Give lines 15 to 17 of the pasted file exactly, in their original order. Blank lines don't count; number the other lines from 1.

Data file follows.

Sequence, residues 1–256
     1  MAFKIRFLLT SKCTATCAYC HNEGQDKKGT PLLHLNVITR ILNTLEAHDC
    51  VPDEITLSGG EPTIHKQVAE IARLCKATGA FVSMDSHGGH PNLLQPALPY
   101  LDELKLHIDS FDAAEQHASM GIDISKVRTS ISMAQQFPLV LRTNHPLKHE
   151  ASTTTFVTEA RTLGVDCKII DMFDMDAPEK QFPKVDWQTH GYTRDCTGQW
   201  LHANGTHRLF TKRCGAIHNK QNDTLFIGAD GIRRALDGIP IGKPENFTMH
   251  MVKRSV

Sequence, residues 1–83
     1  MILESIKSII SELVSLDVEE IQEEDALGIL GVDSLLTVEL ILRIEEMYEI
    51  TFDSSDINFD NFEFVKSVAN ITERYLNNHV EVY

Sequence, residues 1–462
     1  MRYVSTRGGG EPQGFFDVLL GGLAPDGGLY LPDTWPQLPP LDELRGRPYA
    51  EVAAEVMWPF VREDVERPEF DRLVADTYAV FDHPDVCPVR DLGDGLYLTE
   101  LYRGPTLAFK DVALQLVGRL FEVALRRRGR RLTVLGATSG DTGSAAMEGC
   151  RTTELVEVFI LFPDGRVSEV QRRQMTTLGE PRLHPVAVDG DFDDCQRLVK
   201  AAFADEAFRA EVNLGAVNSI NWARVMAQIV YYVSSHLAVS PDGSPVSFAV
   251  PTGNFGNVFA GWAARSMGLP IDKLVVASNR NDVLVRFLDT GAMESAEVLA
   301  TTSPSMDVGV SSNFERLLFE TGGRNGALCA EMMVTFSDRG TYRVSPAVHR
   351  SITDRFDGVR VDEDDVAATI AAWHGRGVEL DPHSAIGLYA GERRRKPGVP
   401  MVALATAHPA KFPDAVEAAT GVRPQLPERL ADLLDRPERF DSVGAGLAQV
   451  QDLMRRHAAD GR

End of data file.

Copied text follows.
   151  RTTELVEVFI LFPDGRVSEV QRRQMTTLGE PRLHPVAVDG DFDDCQRLVK
   201  AAFADEAFRA EVNLGAVNSI NWARVMAQIV YYVSSHLAVS PDGSPVSFAV
   251  PTGNFGNVFA GWAARSMGLP IDKLVVASNR NDVLVRFLDT GAMESAEVLA